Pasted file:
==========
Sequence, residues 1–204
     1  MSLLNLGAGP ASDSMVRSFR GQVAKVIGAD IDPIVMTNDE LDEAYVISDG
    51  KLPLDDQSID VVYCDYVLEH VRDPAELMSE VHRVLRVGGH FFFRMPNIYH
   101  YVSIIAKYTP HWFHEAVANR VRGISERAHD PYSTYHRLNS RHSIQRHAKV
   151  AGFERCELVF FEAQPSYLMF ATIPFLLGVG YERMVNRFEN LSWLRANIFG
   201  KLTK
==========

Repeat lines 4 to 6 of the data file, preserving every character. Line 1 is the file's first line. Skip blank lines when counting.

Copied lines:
   101  YVSIIAKYTP HWFHEAVANR VRGISERAHD PYSTYHRLNS RHSIQRHAKV
   151  AGFERCELVF FEAQPSYLMF ATIPFLLGVG YERMVNRFEN LSWLRANIFG
   201  KLTK